The uncertainty about a drought's beginnings is matched by the uncertainty about it's termination.  Meteorologists tell us that we need 150-175% of "normal" rainfall to end our drought, but we won't know if we've achieved that benchmark until after it's happened.  For me, this uncertainty brings a psychological cost.  Uncertainty engenders worry - will we have enough spring grass for the sheep (and for the cows at SFREC)?  Will we have enough stored water to irrigate our pastures this summer?  What will next fall bring?  Our current weather also makes me wonder about longer term issues - is this the new "normal" weather pattern?  Can we expect extended winter dry periods punctuated by brief periods of inundation?  When will this drought be over, or is this what we can expect in the future?  While I'm waiting to find out, I guess I'll just enjoy this weekend's stormy weather!

Comments

Popular posts from this blog

Trade Offs

As we were building fence for the soon-to-be-lambing ewes this morning, someone drove by and asked my partner Roger how long it took to set up the electro-net fencing we use for the sheep. Roger replied, "It's not too bad," to which the driver said, "Seems like a lot of work." Roger's answer - which both of us use with some frequency, was, "Yeah - but this way we don't have to feed any hay!" The driver, who obviously wasn't a rancher, didn't understand - and I suspect even some of my rancher friends don't understand the trade off we're making. Building electric fence is a lot of work - wouldn't it be easier just to feed hay?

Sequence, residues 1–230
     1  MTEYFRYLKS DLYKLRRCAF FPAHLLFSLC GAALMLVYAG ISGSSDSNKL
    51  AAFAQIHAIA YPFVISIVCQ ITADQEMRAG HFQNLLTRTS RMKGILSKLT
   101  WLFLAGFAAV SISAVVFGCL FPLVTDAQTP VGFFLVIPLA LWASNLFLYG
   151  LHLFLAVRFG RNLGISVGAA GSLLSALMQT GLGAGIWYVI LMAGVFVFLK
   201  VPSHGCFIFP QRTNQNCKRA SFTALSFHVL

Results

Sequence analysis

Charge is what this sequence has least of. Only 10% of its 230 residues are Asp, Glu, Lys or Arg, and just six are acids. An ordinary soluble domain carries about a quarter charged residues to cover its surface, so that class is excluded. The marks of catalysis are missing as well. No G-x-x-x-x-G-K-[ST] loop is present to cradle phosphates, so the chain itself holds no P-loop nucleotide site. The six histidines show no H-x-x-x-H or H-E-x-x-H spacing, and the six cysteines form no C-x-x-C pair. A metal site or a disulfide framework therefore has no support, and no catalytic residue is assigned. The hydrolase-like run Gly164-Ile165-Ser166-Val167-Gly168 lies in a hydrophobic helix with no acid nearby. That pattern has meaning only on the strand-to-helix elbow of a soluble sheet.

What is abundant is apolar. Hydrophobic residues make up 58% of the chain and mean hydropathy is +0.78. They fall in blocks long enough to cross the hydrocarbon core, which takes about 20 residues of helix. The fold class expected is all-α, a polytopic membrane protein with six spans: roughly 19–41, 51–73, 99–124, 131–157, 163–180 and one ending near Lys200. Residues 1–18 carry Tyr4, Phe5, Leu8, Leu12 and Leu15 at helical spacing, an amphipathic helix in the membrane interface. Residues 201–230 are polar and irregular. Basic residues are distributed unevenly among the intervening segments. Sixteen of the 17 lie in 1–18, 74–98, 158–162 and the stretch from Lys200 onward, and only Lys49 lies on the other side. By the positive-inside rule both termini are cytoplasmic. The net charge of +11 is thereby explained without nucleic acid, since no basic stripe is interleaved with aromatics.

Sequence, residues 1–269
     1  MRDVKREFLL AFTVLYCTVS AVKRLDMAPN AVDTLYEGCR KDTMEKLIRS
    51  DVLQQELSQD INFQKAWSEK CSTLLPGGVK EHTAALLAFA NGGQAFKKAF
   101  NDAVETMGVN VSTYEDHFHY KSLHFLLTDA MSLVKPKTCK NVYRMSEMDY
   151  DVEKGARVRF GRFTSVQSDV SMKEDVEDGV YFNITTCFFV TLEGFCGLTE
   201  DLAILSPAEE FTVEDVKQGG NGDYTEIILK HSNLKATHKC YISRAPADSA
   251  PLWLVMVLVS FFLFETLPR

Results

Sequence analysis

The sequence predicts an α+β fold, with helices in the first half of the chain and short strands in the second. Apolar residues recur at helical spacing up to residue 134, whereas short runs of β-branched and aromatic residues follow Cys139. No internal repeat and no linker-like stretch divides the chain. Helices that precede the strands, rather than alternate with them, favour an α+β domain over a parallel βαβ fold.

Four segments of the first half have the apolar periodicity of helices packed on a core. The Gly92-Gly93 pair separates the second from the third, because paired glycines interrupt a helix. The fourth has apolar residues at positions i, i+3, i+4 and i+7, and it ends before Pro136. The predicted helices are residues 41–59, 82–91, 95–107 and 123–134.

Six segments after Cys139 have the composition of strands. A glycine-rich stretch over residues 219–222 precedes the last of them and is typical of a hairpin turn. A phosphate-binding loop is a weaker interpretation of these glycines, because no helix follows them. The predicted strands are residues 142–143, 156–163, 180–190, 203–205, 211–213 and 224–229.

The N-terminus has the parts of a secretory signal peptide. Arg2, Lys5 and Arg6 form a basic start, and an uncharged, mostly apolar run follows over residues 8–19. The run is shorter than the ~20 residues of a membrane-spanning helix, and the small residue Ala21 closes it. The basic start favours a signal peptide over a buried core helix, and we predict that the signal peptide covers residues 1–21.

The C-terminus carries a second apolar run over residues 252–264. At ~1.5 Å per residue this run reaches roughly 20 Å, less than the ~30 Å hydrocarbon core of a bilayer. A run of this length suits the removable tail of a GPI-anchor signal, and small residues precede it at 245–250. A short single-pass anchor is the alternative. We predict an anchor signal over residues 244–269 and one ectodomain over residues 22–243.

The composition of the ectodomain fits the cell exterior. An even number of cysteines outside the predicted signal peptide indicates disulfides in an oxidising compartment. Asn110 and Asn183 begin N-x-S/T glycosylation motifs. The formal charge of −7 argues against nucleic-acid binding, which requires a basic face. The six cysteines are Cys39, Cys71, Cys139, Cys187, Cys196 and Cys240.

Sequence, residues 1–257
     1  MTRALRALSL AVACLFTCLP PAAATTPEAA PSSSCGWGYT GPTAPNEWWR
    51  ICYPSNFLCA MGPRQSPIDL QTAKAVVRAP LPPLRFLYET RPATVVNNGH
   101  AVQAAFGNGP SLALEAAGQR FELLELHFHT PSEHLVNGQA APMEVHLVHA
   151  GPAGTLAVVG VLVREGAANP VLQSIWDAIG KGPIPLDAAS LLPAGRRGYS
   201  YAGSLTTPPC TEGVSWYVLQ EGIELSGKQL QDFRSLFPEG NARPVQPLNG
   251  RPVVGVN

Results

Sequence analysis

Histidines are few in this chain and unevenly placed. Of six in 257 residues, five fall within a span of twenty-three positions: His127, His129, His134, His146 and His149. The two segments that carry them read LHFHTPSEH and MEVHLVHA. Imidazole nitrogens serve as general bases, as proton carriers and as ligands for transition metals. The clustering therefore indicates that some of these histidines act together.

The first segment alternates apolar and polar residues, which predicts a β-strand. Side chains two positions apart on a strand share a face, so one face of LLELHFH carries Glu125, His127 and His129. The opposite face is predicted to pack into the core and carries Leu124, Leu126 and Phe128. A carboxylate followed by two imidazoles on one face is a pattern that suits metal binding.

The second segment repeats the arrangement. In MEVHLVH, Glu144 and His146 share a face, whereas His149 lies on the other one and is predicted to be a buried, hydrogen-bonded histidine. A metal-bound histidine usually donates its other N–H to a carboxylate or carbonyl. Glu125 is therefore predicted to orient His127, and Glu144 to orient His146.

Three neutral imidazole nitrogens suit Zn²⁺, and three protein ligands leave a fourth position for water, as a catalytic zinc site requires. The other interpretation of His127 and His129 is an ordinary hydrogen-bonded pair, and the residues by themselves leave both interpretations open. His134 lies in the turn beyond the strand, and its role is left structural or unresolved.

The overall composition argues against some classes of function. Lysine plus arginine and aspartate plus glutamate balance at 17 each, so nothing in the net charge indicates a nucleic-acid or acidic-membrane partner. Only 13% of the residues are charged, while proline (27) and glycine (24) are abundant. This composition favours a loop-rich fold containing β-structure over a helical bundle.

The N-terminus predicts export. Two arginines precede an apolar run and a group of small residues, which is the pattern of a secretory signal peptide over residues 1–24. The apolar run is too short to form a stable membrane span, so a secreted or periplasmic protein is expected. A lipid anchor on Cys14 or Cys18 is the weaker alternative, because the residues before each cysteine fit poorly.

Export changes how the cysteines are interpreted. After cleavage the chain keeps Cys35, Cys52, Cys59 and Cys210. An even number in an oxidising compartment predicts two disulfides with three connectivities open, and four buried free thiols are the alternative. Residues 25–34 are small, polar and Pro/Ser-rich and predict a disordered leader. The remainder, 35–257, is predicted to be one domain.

The paddock that Roger and I built this morning encloses about 5.75 acres of high quality forage. Since the ewes are on the verge of lambing, their forage demand is peaking. They're eating nearly twice as much grass now as they need in the late summer - after all, many of them eating for three (and p…

No Easy Answers Part 2